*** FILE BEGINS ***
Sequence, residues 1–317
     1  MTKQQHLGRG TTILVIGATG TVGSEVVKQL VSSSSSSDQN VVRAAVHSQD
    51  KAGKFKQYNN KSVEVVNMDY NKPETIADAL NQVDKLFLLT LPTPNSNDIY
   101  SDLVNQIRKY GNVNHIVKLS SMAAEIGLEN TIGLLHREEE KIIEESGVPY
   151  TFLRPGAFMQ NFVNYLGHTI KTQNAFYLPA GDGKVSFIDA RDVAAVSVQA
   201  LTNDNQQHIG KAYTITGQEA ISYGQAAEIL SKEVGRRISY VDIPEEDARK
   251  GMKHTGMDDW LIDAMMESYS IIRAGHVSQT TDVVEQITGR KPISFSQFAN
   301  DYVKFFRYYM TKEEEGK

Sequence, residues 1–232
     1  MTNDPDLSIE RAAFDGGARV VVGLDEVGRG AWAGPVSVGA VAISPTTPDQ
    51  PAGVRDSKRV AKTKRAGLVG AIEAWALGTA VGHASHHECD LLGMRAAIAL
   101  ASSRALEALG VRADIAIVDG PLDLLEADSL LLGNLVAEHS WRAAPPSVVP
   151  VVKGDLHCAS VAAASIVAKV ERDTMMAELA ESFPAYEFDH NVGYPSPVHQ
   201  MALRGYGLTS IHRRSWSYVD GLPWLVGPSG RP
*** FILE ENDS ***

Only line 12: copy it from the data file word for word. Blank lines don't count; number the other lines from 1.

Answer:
   101  ASSRALEALG VRADIAIVDG PLDLLEADSL LLGNLVAEHS WRAAPPSVVP